The actual cut sizes will depend upon the width of the saw blade used to make the cuts. I usually have the lumber yard cut the 4'x8' sheets into two or three manageable sizes (to fit into the back of my car). Sometimes the "big box" stores charge for more than two cuts and they aren't always as accurate as I hope they could be. But, then, neither am I! :-)
When I do not plan to make "canvas panels" (see below), I put on two or three coats of gesso (usually tinted) on the large pieces when I get them home. I use a foam "rubber" paint rollers to apply the gesso. After the gesso has dried I use a clamped straight edge and a fine-toothed jigsaw or a fine-toothed circular saw to cut the large Masonite panels to the sizes I want. There is some "waste" on two of the drawings but those could be used for small (REALLY small) studies?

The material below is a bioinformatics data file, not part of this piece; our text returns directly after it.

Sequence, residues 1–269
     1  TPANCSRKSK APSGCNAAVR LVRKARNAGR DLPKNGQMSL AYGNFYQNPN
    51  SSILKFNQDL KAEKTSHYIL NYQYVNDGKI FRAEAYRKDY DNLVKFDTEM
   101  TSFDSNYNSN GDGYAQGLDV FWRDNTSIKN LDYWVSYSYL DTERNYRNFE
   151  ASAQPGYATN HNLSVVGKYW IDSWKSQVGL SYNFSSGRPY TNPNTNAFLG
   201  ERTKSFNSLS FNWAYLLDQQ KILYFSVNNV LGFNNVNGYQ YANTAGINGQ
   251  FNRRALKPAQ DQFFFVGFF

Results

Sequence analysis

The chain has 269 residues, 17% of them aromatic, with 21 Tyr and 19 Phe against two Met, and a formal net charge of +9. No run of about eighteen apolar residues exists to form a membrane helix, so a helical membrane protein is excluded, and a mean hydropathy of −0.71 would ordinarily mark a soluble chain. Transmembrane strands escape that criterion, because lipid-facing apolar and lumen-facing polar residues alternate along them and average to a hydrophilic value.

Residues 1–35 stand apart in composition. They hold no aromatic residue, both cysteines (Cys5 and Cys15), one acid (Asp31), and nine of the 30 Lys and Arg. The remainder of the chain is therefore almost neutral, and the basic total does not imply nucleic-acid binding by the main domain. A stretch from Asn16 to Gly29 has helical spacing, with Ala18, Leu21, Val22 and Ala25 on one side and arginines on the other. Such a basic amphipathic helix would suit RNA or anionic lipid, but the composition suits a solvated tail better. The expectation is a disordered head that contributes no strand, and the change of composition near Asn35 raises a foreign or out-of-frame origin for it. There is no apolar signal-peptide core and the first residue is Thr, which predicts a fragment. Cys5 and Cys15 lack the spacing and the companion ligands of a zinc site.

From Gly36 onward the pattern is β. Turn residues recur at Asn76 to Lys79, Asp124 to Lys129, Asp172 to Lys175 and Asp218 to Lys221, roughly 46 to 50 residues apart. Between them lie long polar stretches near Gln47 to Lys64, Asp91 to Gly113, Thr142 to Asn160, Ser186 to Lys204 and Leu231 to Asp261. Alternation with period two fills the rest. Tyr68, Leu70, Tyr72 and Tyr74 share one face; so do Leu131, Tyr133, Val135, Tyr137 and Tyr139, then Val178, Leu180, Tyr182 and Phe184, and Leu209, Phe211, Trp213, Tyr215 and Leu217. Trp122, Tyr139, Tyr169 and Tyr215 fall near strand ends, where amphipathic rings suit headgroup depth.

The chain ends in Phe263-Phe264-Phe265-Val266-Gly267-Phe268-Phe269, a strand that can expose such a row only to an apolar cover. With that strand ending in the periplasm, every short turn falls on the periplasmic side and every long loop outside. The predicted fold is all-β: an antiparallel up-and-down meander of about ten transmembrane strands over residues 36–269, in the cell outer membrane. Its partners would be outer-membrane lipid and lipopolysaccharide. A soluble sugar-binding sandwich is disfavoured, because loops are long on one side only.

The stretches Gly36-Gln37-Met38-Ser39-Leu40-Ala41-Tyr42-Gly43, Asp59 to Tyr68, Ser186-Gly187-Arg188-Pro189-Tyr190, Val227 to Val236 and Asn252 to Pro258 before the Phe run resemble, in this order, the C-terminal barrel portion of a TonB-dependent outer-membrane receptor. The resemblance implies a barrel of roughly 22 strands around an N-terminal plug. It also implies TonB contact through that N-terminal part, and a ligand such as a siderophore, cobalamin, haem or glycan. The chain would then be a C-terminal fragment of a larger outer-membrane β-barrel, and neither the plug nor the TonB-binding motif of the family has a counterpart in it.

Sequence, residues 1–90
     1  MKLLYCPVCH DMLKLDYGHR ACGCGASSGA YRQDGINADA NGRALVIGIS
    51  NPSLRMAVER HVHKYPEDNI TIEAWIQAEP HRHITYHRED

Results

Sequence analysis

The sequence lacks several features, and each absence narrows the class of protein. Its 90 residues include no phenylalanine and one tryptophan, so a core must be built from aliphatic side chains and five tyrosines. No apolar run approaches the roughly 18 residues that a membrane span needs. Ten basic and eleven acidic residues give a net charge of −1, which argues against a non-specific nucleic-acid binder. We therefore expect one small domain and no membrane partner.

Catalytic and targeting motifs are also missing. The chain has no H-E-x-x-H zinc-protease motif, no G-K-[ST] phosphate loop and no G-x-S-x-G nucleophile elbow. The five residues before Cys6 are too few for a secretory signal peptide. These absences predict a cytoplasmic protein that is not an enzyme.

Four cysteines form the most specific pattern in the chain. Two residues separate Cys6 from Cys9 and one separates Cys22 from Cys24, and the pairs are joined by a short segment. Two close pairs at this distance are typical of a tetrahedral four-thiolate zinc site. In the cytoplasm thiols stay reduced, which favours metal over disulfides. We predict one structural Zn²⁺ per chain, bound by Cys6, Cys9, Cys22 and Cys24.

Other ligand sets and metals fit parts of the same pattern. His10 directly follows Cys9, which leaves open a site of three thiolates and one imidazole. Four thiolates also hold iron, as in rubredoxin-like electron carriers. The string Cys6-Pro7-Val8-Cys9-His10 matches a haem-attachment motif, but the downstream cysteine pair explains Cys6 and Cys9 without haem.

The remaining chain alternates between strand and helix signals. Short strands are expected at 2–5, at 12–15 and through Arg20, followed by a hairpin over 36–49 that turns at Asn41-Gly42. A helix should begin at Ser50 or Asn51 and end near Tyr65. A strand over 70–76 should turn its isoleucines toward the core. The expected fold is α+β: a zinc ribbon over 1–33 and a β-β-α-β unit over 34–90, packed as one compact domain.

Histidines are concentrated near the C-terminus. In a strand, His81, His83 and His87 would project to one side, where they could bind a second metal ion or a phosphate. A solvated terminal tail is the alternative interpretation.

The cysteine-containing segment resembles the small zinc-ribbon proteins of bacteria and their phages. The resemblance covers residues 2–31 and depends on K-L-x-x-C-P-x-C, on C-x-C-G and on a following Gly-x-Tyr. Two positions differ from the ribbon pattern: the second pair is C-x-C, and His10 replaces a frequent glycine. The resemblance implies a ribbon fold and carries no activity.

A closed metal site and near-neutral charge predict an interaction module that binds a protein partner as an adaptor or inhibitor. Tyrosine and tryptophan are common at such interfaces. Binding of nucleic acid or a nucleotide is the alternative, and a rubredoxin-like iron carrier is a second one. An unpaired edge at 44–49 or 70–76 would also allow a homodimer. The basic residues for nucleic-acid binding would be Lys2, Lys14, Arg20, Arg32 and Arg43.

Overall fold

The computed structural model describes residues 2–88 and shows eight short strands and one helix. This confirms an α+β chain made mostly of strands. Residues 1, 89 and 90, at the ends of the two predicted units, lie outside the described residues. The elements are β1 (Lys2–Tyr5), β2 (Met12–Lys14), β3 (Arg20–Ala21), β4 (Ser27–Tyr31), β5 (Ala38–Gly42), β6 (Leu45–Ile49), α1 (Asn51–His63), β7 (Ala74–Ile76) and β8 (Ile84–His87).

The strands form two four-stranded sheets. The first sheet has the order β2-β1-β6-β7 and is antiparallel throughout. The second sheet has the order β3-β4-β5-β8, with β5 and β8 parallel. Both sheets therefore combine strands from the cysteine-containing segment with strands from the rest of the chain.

Before I apply gesso to the Masonite, and I feel like having some "canvas panels" to paint on, I glue canvas to the panels after they are cut to size. I apply tinted gesso after the glue has dried and the fabric has been trimmed. There are articles on the web that explain the process better than I can. These are the first three I saw after I Googled "how to make canvas panels". There are MANY more articles out there!
I hope this helps somebody cut the cost of their painting supplies.
30 Panels #5
15 each 9"x12"
15 each 12"x16"
WASTE - 3 each 3"x12"
24 Panels #4
24 each 12"x16"
16 each 9"x12"
15 each 12"x16"
9 each 12"x20"
9 each 12"x16"
each 18"x24"WASTE - 2 each 6"x24"